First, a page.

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Trying to change cannabis policy requires both concerted effort and a careful approach. What works in one state with one group of voters will absolutely fail in another state. Thankfully, there are many different ways for activists to change corrupt and destructive cannabis prohibition laws.
In some states, broad medical cannabis laws have provided access. In other states, recreational legalization has made safe access even easier, which is incredibly beneficial for those without good insurance. Another type of cannabis law reform is decriminalization.
People tend to spend less time on decriminalization that on comprehensive legalization because it has many significant flaws. Decriminalization means changing cannabis offenses from a criminal offense to a civil offense. That’s the difference between getting arrested and winding up with a ticket in your hand.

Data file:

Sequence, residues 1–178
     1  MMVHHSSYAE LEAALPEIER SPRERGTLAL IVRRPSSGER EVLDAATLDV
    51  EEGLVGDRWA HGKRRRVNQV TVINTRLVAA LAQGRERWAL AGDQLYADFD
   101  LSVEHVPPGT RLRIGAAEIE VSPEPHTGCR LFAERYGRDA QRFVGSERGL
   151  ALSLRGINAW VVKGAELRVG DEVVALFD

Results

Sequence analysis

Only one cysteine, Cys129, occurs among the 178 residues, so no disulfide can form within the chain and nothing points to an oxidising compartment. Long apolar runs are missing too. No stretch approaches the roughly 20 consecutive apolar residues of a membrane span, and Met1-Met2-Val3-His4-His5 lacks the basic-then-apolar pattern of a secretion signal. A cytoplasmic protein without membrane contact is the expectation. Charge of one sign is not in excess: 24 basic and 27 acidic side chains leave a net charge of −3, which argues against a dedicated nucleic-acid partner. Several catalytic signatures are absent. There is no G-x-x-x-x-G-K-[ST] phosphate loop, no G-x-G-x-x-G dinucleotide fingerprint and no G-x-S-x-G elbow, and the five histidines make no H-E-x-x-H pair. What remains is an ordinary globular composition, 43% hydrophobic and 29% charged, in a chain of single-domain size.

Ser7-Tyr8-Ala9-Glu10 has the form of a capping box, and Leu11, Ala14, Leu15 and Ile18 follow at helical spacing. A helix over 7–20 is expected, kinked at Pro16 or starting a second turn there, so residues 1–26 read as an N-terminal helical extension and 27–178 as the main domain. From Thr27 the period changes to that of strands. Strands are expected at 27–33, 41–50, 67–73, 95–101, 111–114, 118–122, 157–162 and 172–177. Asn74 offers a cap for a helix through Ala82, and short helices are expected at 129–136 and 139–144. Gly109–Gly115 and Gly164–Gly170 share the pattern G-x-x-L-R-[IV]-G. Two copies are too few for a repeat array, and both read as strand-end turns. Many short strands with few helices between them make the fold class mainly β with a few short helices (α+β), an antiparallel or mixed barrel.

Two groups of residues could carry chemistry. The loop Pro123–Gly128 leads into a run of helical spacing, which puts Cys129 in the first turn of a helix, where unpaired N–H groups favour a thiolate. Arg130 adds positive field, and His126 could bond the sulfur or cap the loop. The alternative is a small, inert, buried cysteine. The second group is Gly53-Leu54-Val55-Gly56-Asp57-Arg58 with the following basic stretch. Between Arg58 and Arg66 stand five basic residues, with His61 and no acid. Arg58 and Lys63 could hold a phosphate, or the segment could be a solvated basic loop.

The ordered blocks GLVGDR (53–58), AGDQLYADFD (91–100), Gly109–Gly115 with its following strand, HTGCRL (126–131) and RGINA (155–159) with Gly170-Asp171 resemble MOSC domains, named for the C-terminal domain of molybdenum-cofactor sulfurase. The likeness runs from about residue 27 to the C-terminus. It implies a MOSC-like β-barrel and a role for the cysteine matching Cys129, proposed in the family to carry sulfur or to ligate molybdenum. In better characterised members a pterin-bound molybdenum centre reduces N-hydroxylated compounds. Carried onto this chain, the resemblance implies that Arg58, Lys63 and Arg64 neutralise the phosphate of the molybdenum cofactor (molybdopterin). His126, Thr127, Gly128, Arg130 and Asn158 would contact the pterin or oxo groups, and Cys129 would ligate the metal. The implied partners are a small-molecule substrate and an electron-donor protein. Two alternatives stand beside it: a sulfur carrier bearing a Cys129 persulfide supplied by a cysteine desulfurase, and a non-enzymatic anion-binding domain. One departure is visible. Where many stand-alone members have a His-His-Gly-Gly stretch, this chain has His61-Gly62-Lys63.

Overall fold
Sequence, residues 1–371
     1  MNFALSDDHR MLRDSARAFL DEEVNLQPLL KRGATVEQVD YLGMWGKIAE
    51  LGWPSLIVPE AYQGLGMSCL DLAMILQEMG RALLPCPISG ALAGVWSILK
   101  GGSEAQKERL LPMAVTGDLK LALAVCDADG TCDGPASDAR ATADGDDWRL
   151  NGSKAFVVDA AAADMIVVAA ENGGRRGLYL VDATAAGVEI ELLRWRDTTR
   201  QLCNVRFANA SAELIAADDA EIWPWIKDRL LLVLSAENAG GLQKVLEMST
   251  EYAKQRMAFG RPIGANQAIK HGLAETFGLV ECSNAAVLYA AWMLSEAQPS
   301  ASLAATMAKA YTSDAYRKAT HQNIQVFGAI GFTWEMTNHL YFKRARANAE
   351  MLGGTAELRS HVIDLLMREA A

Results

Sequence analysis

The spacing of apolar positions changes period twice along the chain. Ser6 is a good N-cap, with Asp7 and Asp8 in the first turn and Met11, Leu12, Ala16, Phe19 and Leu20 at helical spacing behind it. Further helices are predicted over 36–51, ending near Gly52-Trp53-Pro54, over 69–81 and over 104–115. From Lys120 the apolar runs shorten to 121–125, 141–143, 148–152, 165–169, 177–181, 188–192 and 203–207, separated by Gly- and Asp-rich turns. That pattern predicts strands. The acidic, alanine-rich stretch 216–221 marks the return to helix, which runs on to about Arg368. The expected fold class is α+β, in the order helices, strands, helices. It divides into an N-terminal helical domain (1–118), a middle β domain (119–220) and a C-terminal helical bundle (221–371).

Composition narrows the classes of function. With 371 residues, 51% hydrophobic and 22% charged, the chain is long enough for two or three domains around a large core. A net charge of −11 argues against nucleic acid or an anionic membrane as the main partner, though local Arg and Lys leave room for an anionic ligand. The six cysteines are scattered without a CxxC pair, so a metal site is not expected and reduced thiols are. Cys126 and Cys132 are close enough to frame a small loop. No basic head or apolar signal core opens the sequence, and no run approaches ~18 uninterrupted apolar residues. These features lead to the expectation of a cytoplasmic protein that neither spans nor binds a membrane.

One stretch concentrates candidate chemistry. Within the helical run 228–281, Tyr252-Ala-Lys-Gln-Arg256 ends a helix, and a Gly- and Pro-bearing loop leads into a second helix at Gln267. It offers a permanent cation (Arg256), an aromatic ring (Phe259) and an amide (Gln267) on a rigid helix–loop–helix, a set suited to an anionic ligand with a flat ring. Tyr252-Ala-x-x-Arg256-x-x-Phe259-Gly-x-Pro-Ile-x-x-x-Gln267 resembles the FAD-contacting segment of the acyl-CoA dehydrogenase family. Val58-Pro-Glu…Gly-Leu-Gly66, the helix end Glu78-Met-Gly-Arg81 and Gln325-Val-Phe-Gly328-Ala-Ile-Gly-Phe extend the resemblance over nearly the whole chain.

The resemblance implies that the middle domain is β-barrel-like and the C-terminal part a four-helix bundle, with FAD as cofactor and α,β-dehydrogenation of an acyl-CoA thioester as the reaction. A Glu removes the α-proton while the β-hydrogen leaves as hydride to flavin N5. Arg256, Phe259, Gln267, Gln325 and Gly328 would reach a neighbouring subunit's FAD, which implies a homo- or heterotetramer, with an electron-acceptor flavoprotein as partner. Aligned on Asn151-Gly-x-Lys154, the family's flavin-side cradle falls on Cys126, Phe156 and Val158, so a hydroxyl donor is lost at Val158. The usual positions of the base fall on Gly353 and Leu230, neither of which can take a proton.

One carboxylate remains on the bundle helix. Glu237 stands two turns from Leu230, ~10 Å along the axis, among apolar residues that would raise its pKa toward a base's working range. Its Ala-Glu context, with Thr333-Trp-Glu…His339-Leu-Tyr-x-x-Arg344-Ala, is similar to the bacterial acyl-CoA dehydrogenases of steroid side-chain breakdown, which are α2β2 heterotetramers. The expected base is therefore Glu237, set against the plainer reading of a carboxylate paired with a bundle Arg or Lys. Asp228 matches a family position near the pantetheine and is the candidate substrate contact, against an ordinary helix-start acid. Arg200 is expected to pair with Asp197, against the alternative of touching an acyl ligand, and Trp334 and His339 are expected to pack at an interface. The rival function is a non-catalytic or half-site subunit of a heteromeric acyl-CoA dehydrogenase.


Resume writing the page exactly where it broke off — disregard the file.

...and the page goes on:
In the case of New Mexico, decriminalization was a stopgap measure after a legalization bill failed to garner enough support to pass. Under the new law, cannabis possession will become a civil infraction as of July 1st. Anyone caught with less than half an ounce of cannabis will received a ticket for a $50 fine. Obviously, any kind of legal reform that reduces the number of people facing penalties for cannabis is positive. However, decriminalization really doesn’t solve any of the issues caused by prohibition and the War on Drugs.
For example, decriminalization does not create a system in which there is a legal or acceptable way to cultivate or distribute cannabis and cannabis products. That means that anyone who gets caught selling cannabis or producing it will face serious criminal charges. It also means that the state of New Mexico misses out on the opportunity for the impressive tax revenue generated through the legal and regulated sale of cannabis in other states.
It will be a good thing for everyone in New Mexico when the state official e adopt its three criminalization policy over the summer. However, it’s important that activists not allow this little progress to dissuade them from pursuing more sweeping and cannabis law reform in New Mexico.
For previous Ladybud articles about New Mexico, click here.